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College campuses cope with protests

Photo by Flickr user KOMUNEWS.
Graduate student Jonathan Butler rallies students during an October sit-in protesting discrimination at the University of Missouri. Photo by Flickr user KOMUNEWS.

Missouri University, Amherst College, Claremont-McKenna College, Yale University, Smith College and Georgetown University have undergone a series of racial protests during the first semester of the 2015-2016 school year. Although the colleges represent a diverse group of education systems, the issue of race has prompted students to speak out about the racial tension prompted by the use of racial slurs or the lack of diversity in the faculty. At many campuses, the students or the administration were able to prompt change through discussion and protest.

Aaron Lewis, a senior at Yale and a racial justice advocate, commented on his view of the racial protests occurring at the university in response to a lecturer’s “insensitive” email and the tension that mounted as a result during the first semester.

“I don’t think it matters what my own personal experience are with this. What matters is that we all need to have empathy for the experience that people of color have even if we don’t have those experiences for ourselves,” Lewis said in an interview with the New York Times, “It is really hard to believe because we want to believe that we’re a post-racial society, but it’s just not true.”

One of the first protests to gain national attention was at Mizzou. The football team went on strike until the President of the University, Tim Wolfe, stepped down and the school addressed the pattern of systemic racism. The strike was successful and Wolfe resigned within a week.

Thousands of miles away from the large and public University of Missouri, students at Amherst participated in a three-day sit-in to demand the addition of a “zero-tolerance policy for racial insensitivity” to the school’s honor code, and the abolition of the school’s unofficial mascot, “Lord Jeffery,” a figure that caused the deaths of many Native Americans by selling smallpox-infested blankets.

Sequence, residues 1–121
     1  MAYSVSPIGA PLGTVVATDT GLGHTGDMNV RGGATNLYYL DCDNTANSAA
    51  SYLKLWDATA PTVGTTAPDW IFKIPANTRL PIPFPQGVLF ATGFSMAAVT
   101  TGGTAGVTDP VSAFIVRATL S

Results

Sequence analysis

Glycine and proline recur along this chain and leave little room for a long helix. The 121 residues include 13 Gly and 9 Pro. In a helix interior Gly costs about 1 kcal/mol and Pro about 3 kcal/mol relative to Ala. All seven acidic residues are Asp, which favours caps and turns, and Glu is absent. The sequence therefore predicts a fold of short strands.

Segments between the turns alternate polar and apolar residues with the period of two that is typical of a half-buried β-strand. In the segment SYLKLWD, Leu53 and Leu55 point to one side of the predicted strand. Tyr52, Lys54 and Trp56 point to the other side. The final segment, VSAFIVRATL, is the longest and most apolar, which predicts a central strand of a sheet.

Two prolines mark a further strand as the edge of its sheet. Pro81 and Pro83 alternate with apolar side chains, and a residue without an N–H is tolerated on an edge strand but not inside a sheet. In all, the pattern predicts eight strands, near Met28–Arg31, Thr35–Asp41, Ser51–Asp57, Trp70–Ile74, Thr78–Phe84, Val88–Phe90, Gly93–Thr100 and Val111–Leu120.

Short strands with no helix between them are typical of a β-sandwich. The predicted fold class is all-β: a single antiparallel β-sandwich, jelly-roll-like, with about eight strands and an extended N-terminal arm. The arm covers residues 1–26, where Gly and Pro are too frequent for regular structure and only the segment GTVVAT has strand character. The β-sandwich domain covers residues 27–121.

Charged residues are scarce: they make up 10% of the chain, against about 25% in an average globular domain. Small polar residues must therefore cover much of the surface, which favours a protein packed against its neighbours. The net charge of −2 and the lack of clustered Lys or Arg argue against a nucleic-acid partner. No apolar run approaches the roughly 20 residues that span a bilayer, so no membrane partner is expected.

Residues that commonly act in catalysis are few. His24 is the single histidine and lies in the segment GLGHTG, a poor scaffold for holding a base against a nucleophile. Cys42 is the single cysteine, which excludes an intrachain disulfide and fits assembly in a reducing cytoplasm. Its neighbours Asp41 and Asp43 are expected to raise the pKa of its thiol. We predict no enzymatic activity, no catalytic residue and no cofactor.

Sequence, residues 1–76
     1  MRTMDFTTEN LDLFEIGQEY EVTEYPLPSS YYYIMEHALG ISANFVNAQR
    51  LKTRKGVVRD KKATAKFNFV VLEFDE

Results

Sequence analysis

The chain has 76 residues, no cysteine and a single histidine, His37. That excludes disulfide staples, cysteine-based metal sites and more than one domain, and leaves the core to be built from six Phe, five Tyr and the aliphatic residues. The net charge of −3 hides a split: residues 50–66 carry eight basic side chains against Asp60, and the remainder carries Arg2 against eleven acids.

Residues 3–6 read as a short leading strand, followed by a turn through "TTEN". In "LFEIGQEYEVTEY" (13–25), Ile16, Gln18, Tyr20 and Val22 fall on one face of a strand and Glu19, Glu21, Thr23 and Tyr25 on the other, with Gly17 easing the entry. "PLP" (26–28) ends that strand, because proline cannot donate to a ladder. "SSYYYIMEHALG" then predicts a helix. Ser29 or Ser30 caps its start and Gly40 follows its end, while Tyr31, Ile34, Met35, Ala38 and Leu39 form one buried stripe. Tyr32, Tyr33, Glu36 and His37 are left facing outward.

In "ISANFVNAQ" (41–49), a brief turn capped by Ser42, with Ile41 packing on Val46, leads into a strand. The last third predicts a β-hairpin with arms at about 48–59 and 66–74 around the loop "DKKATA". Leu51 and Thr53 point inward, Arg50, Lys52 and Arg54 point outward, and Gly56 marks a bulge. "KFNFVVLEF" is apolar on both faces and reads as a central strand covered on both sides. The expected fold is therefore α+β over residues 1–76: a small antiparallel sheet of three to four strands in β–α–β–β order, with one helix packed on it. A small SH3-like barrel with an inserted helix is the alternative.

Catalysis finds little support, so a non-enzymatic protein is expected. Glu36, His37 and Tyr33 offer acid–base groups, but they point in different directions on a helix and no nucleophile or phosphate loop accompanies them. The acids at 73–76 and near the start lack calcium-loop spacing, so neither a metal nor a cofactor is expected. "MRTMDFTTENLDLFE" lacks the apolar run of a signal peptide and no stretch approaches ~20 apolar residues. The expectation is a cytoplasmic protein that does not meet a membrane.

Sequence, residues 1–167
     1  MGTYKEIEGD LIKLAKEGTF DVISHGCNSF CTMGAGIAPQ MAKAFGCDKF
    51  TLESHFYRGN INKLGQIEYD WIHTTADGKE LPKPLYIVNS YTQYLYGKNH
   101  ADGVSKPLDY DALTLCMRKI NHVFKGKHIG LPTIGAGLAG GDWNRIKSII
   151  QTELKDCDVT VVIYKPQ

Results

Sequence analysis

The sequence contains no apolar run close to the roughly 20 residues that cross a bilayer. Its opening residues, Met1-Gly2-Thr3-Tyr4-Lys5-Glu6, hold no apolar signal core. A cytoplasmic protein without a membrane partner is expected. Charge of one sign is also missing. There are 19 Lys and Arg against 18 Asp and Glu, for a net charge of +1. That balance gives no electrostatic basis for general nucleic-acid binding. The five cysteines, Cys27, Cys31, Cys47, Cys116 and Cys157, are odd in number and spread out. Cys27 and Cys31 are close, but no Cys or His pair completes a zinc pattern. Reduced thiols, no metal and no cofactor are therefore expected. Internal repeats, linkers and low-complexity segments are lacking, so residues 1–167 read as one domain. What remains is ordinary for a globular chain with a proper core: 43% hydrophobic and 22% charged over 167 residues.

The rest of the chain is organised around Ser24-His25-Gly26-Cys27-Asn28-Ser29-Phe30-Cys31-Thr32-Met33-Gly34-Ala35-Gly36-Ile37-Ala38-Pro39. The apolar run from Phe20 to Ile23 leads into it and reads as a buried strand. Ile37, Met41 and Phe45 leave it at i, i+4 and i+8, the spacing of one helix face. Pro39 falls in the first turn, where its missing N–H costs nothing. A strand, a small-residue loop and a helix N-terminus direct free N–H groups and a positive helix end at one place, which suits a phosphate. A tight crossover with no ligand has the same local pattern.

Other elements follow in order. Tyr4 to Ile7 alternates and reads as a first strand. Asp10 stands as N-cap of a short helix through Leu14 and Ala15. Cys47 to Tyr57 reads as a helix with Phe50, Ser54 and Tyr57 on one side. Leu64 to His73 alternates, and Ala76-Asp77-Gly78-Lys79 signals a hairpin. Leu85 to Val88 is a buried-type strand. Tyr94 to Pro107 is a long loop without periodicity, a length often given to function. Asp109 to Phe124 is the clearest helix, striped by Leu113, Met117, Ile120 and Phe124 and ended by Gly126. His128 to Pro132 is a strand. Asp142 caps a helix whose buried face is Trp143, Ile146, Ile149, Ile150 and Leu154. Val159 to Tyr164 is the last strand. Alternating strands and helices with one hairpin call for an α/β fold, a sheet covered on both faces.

On the other side of the country at Claremont McKenna, the junior class president stepped down after controversy involving a Facebook picture where she was standing with two other women who were wearing sombreros, ponchos, and mustaches on Halloween. The Dean Mary Spellman also resigned after she wrote in an email to a Latina student saying that she would attempt to assist those who “don’t fit our CMC mold.” The controversy over the email started a campus protest and hunger strikes by two students in November of 2015.

At Yale in early November of 2015, a video of students yelling their demands at an administrator at a protest went viral. In response to the unrest, the university announced that it was launching a $50 million initiative to increase faculty diversity.

On another note at Georgetown University, the Dean, rather than the students, began the discussion about race this school year by forming a committee that would research the school’s relationship with slavery. The group recommended that two buildings’ names be changed due to their origination as commemoration to slave-owners. The Dean accepted and implemented these changes Nov. 14, 2015.

Head of School Priscilla Sands talked about how Marlborough has dealt with the issue of race during this school year. She referred to the recent All-School Meeting about privilege led by All-School President Lindsey Johnson ’16 on Jan. 8, 2015, as well as the following discussion session on Jan. 11.

“I think Marlborough did a really good job of introducing privilege and introducing the randomness sometimes of privilege…I think colleges that have focused on the anger around privilege, rather that what I think we have done here,” Sands said. “I’ve been very impressed with the conversations around race and privilege… the students have taken on these issues, so it isn’t the adults lecturing but more facilitating conversation.”